Some websites may block certain crawlers from capturing their pages or lead them into traps of endless URLs. Archivists must test and retest each website to make sure Archive-It captures a complete and efficient snapshot of the page.


Once captured, web data forms a complete picture of the website at the time it was crawled. Using Archive-It’s Wayback Machine, researchers may experience the Arizona Historical Society’s page as it appeared when it was crawled on September 16, 2014.



The Jane Karl collection

Scanned ImageWe are so delighted to bring you the newly-digitized Jane Karl Mid-century Modern Architectural Rendering collection, now available on the Arizona Memory Project! This collection has been so much fun to work with, not only because it is so visually stunning, but because it has given us a chance to collaborate with lots of great colleagues, historic preservationists, and the artist’s son, Phil Karl.

Scanned Image

Last year, some historic preservation friends put us in touch with the City of Phoenix Historic Preservation Office. Because they work so much with the architectural and historic preservation community in Phoenix, they were alerted to a wonderful collection that needed a home – the Jane Karl collection. Jane Karl and her husband Walter owned an architectural renderings studio, and did work for noted architects such as Del Webb and John F. Long. Unable to house the collection there, they were delighted to connect us with Phil Karl, the artist’s son, who donated the collection to thScanned Imagee archives in May.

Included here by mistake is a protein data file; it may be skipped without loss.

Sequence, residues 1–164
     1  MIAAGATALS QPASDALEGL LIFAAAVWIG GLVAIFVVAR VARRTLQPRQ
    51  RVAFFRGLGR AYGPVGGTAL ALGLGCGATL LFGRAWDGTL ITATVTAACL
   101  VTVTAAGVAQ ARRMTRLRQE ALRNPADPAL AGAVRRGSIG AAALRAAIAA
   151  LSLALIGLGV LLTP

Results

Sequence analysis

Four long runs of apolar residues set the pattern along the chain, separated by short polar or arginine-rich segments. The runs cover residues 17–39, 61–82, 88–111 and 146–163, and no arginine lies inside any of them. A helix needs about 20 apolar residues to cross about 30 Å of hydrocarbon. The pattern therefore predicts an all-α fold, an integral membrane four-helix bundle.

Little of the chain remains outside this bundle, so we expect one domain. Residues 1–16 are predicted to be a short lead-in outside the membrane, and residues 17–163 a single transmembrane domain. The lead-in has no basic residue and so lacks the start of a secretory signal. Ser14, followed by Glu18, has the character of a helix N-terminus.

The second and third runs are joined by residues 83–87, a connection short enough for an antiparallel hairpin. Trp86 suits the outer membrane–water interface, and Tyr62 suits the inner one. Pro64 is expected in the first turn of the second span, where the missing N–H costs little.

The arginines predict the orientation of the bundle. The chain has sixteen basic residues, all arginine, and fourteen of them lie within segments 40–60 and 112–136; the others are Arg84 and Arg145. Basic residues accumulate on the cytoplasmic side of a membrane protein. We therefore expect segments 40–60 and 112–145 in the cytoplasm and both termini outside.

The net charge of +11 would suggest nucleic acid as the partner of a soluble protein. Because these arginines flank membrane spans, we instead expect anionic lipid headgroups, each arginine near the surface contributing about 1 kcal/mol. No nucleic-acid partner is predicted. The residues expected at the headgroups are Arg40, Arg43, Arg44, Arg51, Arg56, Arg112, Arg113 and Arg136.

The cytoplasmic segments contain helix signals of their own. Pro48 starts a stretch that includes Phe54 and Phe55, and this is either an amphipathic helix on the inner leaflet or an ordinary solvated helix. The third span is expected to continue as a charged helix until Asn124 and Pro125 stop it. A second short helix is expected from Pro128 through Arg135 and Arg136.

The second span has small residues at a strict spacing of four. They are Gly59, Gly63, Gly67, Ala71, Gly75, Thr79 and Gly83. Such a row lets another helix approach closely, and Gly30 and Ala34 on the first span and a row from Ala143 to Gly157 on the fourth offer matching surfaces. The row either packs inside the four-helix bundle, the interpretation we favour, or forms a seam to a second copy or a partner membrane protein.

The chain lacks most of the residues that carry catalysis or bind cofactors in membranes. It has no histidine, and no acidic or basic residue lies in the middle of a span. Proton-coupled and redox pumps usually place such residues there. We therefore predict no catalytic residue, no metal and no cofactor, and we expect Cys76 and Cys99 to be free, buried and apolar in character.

This collection is preserved and accessible thanks to the work of so many friends and collaborators! The City of Phoenix Historic Preservation Office was great to put us in touch with the artist’s son. Phil Karl was so generous in not only donating the collection, but working with Alison King of modernphoenix.net to provide robust descriptive information on the collection. Richard Prouty helped us with getting the collection online, and you can see a great cross-section of the collection here: http://azmemory.azlibrary.gov/cdm/landingpage/collection/archkarl. Scanned Image